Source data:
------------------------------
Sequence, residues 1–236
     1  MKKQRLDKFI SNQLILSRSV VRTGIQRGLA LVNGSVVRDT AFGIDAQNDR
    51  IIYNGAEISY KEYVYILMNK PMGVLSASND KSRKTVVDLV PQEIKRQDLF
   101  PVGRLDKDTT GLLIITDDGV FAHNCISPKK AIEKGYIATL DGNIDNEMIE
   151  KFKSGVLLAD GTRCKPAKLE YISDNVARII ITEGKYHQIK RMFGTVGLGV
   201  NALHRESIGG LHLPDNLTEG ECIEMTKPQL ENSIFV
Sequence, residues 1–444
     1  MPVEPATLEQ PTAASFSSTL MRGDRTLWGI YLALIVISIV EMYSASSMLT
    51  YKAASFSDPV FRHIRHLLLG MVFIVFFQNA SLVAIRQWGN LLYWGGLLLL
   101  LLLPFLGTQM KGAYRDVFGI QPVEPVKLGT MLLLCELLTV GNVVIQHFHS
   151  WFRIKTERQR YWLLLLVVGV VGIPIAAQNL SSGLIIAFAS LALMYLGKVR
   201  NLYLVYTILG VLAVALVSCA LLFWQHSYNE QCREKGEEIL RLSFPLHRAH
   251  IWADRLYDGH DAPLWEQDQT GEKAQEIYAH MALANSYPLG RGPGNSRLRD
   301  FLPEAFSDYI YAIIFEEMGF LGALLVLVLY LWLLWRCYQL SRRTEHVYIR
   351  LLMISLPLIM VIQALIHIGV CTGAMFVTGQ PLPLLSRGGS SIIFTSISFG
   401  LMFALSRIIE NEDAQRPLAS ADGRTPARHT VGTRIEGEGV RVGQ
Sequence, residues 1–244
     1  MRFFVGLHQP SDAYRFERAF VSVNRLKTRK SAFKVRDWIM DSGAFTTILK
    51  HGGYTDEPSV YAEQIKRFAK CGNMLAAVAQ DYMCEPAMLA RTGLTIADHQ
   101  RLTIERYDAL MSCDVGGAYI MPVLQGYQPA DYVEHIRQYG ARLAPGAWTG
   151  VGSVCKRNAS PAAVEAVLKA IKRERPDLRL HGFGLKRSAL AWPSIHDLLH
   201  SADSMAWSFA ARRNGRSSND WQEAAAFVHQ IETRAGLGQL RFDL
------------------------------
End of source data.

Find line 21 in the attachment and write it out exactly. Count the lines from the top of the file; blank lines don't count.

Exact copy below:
   151  VGSVCKRNAS PAAVEAVLKA IKRERPDLRL HGFGLKRSAL AWPSIHDLLH